(Photo credit: AP)
A senior Turkish official said on 15 September that Ankara plans to pursue targets in northern Syria after it completes a cross-border operation against Kurdistan Workers Party (PKK) militants in Iraq.
The Turkish government on Monday accused the PKK of being behind a terror attack in Istanbul, which occurred over the weekend in a crowded commercial street, killing six and wounding over 80.
According to the unnamed official who spoke with local media, threats posed by Kurdish militants or ISIS to Turkey are “unacceptable,” highlighting that Ankara would eliminate threats on its southern border “one way or another.”
Istanbul police on Monday arrested a Syrian woman identified as Ahlam Albashir for allegedly planting the bomb in Istiklal Street, before it was detonated remotely.
The police claim Albashir confessed that she was trained by Kurdish groups, including the PKK, as an intelligence operative and entered Turkey illegally.
As of Tuesday, 50 others have been arrested in connection to the bombing.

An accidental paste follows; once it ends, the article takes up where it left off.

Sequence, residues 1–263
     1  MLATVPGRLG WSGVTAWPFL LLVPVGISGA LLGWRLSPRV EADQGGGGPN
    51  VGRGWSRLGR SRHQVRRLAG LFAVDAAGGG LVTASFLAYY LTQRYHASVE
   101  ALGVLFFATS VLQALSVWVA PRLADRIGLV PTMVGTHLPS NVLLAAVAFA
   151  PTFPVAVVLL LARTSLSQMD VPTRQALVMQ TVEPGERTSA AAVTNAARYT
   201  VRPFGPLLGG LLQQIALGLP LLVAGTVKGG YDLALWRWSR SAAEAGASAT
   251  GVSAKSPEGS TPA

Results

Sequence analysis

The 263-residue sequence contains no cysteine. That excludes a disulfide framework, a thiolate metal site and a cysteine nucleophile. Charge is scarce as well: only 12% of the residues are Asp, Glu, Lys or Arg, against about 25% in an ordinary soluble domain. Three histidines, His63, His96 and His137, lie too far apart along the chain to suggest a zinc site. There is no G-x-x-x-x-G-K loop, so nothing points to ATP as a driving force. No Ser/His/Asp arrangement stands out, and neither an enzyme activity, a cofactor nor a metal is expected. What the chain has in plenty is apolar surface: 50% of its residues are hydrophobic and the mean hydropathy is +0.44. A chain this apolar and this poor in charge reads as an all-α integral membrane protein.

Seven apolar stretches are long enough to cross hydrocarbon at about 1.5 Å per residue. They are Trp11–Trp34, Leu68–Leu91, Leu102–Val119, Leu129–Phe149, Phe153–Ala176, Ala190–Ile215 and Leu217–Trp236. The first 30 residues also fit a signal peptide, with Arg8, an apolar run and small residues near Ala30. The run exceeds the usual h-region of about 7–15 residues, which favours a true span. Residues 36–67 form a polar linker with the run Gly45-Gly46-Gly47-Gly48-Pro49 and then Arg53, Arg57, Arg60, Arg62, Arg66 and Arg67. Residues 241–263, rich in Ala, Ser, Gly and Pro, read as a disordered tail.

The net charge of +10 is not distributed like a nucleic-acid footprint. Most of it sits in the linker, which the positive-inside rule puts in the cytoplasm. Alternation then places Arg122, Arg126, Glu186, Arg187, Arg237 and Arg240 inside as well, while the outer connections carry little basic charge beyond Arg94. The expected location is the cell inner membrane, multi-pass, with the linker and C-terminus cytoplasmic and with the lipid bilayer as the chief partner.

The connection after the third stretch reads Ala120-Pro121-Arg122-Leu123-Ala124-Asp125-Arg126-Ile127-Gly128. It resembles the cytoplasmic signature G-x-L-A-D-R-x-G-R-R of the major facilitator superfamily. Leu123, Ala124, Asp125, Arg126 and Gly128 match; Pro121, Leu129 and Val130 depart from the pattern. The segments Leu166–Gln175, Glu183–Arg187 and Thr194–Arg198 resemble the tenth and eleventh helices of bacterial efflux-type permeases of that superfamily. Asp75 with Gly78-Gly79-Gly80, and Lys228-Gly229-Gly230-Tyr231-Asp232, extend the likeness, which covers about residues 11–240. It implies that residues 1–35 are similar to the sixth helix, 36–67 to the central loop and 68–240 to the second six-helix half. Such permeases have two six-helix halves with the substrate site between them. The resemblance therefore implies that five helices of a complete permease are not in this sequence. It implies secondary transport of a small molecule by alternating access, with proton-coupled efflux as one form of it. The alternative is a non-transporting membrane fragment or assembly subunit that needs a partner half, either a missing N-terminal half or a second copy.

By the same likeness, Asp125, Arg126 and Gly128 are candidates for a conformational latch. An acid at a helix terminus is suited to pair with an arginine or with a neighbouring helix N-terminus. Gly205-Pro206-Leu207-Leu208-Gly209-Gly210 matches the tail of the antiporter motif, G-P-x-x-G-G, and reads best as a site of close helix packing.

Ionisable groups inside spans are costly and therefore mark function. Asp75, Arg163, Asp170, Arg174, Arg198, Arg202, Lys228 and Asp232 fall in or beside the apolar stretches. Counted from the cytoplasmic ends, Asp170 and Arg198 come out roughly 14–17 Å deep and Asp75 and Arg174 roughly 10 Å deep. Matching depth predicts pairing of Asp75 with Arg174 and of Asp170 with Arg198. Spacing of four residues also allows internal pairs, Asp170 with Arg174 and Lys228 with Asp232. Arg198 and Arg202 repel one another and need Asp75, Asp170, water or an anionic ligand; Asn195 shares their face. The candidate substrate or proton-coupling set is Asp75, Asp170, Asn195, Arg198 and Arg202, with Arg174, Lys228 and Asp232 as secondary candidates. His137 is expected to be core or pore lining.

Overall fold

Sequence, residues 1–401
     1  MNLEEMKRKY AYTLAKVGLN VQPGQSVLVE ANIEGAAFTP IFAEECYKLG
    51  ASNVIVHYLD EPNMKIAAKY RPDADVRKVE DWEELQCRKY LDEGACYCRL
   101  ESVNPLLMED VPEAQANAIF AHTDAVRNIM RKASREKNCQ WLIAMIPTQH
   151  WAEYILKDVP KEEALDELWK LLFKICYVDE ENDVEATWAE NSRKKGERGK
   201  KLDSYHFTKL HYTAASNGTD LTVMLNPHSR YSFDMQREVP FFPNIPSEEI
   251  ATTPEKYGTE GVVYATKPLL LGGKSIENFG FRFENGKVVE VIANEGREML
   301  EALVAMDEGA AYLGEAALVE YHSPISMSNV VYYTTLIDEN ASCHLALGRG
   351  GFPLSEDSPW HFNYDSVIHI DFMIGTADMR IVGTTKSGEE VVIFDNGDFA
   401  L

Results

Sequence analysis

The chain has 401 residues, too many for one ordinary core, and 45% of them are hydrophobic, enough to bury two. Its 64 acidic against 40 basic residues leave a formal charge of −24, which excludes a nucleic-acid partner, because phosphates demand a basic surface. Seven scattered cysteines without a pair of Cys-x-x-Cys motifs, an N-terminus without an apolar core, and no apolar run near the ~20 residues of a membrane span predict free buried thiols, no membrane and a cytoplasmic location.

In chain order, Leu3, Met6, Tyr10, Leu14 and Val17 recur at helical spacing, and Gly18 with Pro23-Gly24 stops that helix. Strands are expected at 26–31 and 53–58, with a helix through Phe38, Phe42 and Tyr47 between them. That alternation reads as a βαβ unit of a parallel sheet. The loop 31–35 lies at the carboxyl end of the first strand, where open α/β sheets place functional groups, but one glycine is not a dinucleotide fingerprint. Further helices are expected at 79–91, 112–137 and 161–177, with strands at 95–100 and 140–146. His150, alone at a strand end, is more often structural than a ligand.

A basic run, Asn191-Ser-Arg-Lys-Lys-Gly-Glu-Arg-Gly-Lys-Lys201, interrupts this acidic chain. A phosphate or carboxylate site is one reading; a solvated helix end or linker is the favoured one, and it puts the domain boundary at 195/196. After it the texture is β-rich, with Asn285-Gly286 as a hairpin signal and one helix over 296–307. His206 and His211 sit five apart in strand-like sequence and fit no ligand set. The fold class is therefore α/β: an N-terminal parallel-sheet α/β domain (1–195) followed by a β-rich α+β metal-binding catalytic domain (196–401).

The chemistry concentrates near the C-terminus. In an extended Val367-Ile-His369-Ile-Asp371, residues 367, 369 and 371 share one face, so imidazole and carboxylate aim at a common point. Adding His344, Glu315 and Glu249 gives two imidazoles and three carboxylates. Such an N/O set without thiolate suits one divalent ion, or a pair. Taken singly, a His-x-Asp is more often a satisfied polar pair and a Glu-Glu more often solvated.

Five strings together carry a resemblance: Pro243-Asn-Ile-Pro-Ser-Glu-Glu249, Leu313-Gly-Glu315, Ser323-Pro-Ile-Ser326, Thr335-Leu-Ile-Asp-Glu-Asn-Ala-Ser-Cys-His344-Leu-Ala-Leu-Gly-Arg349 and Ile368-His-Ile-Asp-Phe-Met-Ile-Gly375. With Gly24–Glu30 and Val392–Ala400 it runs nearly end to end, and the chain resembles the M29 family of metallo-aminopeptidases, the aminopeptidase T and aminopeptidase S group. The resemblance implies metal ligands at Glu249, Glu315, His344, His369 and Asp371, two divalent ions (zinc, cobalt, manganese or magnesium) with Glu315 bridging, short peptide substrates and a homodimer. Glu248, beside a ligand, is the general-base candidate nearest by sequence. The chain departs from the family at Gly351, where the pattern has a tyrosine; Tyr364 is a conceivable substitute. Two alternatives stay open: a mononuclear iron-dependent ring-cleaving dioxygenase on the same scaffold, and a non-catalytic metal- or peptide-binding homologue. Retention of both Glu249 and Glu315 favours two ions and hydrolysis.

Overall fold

Despite Ankara’s claims, no group has claimed responsibility for the attack, while the PKK and its Syrian wing, the Kurdish People’s Protection Units (YPG), have denied any involvement.
“We will not target civilians directly and do not accept actions targeting civilians,” the PKK said in a statement.
The PKK has fought an armed insurgency in Turkey since 1984. The conflict has killed tens of thousands of people since.
Turkish Interior Minister Suleyman Soylu on Monday took aim at the US for their support of Kurdish militant groups in Syria, rejecting their condolences and saying that “this condolence should be interpreted as ‘killers always arrive on the scene first.'”
The US-sponsored Syrian Democratic Forces (SDF), of which the YPG is the most prominent faction, also denied any connection with the bombing, according to their commander-in-chief, Mazloum Abdi.
Turkey has launched three major cross-border operations in Syria since 2016, and already controls some territories in the north with the help of extremist militias.